A good blog headline is often the only factor that determines whether or not an article on your blog will be read. The idea that content is king is true, but some people miss out on reading that great content because there is nothing interesting in the headline that represents it.
Unfortunately, writing a good headline is one of the most challenging aspects of writing blog content. It can literally make or break a post, yet it is something many bloggers fail to pay special attention to.
I have given you plenty of resources to work with in the past to help you write better blog titles, but now I want to give you something more direct to work with. I have taken a particular interest in the finer details of this blog ever since our editor, Seth left. The headlines that represent my content have been things that I have been noticing more, and wanting to improve more than anything else.
In that quest for improvement, I found a few methods that work great just about every time I use them in my blog headlines. Before I came out with any sort of title for my article, I would always consult this list of methods to see which would work out the best for the type of article I am going to write.
Use this guide as a reference for your own headlines, as the ideas listed here are a great way to get you started on producing great blog headlines.
1. Headlines that leave you wanting to know more
I’ll start this list off with a rather risky headline technique; the one that leaves readers “hanging.” What’s better to peak someone’s interest than delivering a short headline that doesn’t reveal too much, but just enough to make someone wonder the actual meaning of?
Now, I say this is risky because of the fact that you aren’t very clear in the headline, and that also may throw off some potential readers. Use this at your own risk, but take a look at some of the examples of this headline technique in use and decide if it’s something you want to try.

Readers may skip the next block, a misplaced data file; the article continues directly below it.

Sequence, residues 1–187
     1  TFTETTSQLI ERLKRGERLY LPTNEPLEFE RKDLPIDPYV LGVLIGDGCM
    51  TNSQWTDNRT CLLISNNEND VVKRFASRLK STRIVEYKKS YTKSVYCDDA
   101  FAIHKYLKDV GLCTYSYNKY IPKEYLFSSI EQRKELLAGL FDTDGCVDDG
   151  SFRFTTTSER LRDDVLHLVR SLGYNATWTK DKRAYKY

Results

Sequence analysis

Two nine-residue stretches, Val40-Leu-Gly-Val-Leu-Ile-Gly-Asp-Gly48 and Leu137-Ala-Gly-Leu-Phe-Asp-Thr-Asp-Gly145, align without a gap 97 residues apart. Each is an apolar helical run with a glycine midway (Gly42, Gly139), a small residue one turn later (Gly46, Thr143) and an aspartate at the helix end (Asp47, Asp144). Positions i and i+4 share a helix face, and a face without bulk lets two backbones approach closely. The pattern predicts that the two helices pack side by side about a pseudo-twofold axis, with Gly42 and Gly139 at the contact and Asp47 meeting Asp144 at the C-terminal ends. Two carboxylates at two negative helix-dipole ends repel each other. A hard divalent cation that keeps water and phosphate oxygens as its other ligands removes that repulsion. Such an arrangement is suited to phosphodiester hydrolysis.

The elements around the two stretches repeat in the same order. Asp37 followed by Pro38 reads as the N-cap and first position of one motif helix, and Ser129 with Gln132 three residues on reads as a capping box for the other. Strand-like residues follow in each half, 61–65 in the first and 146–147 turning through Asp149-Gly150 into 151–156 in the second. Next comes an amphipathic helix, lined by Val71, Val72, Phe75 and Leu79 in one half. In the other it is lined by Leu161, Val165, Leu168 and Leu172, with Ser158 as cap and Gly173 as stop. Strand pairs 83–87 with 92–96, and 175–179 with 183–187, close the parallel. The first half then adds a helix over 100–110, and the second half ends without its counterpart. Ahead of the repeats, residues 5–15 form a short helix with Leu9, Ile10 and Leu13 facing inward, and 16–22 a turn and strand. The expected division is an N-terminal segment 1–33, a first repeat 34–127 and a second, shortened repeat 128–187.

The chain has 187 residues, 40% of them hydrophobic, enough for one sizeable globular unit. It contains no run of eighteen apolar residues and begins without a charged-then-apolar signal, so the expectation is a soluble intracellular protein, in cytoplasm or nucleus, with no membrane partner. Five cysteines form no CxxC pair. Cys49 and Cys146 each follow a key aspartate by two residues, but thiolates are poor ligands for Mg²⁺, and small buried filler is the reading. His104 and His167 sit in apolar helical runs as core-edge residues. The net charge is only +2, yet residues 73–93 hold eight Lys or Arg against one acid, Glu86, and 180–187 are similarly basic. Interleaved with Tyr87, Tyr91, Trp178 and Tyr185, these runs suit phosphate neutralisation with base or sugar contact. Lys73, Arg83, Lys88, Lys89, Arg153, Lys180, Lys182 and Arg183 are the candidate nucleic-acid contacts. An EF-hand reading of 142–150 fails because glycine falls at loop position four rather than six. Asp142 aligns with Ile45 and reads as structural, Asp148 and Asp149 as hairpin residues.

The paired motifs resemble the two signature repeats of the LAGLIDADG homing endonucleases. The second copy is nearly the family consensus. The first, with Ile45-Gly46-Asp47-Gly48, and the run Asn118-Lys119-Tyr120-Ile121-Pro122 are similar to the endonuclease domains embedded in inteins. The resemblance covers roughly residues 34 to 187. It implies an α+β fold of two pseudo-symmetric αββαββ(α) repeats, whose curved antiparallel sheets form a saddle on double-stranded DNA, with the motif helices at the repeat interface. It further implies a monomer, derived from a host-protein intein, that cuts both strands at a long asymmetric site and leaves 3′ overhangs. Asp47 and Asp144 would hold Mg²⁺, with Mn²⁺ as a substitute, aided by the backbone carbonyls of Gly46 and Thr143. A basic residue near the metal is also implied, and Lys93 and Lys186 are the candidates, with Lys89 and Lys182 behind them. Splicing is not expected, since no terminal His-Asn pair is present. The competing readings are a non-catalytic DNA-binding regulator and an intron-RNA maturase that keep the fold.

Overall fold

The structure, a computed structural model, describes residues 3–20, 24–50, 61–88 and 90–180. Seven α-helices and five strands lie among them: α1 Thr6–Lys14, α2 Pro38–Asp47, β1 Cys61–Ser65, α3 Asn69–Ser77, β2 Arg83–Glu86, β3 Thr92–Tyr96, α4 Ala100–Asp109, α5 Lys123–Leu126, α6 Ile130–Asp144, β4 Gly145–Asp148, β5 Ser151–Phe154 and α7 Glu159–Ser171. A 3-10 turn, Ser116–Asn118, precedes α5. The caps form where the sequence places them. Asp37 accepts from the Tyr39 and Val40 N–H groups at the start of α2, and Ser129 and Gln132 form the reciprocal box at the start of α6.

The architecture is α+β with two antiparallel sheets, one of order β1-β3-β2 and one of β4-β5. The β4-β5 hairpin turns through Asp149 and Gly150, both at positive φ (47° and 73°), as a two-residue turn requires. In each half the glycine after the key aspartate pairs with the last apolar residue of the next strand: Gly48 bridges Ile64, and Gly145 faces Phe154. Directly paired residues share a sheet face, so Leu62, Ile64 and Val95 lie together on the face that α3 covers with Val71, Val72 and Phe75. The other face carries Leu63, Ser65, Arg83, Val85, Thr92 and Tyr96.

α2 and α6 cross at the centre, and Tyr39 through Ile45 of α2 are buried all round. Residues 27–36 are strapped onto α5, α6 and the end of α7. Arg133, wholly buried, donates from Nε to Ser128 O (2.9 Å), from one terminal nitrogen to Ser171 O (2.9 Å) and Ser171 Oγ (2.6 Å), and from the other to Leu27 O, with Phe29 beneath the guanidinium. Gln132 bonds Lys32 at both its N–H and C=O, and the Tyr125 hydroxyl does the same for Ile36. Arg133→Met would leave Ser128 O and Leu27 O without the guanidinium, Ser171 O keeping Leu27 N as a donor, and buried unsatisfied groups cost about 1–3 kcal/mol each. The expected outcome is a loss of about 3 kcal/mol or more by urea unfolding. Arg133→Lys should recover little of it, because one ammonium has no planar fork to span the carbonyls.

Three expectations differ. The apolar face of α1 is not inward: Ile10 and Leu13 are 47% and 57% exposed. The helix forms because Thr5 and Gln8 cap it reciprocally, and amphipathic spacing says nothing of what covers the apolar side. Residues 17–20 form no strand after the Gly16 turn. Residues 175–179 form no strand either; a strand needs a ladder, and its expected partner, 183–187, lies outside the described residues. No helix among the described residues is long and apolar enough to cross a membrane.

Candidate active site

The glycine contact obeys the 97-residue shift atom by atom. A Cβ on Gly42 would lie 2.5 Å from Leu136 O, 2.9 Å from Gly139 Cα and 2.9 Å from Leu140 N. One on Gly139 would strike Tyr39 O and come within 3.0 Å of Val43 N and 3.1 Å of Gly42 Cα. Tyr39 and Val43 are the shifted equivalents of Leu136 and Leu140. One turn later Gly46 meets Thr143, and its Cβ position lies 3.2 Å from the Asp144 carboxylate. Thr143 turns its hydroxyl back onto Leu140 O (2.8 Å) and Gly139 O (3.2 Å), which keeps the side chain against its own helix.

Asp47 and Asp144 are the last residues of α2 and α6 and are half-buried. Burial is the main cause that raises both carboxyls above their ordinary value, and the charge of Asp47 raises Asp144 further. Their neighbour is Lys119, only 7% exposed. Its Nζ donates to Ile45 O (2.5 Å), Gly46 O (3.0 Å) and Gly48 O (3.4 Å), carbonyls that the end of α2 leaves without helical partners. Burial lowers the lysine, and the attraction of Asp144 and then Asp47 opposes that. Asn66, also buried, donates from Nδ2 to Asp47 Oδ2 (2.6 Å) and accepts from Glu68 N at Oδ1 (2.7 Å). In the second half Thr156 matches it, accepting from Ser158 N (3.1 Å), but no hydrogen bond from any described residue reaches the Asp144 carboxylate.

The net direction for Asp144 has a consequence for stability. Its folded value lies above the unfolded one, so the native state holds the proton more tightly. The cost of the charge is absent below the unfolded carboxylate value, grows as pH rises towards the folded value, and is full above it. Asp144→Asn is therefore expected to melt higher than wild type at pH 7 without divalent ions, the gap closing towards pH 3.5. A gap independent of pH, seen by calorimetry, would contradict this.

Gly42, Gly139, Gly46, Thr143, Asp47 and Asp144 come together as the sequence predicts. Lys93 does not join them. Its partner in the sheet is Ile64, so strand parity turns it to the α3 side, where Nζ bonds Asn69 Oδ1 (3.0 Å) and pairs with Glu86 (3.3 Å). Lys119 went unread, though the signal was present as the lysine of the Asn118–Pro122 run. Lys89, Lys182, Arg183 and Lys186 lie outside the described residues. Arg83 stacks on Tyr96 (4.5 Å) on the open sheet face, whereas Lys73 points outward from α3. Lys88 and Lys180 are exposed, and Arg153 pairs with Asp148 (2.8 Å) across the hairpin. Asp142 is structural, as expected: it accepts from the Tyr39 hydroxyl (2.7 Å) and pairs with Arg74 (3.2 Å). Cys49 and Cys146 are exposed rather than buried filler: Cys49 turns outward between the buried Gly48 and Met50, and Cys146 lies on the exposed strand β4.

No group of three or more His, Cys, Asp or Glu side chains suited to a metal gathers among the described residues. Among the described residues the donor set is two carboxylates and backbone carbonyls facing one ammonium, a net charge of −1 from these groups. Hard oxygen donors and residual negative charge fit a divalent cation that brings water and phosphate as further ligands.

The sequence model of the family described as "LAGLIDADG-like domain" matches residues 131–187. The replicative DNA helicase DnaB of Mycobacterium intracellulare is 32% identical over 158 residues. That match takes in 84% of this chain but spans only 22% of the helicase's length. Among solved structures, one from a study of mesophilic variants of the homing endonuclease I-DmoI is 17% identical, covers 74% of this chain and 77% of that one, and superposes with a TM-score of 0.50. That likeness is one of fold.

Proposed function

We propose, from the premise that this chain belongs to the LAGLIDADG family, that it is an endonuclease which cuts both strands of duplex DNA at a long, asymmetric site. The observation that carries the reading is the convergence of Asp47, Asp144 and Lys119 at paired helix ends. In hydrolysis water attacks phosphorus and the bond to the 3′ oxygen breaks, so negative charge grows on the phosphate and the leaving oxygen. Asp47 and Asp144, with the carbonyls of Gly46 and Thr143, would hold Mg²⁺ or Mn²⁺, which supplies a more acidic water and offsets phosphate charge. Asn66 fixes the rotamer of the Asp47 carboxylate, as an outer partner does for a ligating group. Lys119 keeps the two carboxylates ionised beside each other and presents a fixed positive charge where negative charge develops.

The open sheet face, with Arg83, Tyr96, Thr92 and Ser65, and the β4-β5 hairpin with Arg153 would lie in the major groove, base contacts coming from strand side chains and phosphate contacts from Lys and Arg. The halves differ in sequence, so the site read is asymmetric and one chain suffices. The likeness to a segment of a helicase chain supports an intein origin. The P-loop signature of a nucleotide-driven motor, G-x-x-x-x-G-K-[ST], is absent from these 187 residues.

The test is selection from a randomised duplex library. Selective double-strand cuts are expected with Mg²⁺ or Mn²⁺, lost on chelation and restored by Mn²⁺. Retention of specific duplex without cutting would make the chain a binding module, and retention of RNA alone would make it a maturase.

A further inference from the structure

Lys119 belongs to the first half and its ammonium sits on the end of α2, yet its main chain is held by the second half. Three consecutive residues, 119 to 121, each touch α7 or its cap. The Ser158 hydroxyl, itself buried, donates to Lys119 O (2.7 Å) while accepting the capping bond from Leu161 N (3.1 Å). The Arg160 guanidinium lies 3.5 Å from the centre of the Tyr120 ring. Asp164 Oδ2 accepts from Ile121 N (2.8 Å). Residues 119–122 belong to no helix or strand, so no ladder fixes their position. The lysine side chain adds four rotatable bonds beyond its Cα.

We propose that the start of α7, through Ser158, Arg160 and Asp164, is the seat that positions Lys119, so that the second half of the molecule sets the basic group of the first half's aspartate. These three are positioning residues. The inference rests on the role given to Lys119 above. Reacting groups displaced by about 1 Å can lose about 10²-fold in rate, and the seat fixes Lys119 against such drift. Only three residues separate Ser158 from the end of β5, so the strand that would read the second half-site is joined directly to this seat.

- The Field of Dreams Myth
- You are the P.I.C. of Your Blog
- The 3 B’s of Networking
- The easiest post you’ve ever read
- The 2 1/2 Golden rules of blogging
These articles all have short headlines that introduce an idea, but will often leave a viewer confused on the meaning until their curiosity gets the best of them and clicks the headline.
2. Ask an important question
Nothing is more engaging than asking a simple question. People like to participate in discussions that ask for their insight as it gives them an opportunity to share their “dominant” view of the topic amongst others.
If by chance you ask a question that other people would like to know the answer to, then you will have people clicking your headline in search of that answer. Whether or not you can follow through and give them the answer they’re looking for is up to you. But at least you have an interesting enough headline to work with.
- Does your current posting frequency bring in the best results?
- Can you make money from membership sites?
- What has our perception of quality content been turned into?
- What has acting now really done for you?
All of these headlines have a question in them, and all force you to try to answer them prior to clicking on them to see what the “right” answer may be.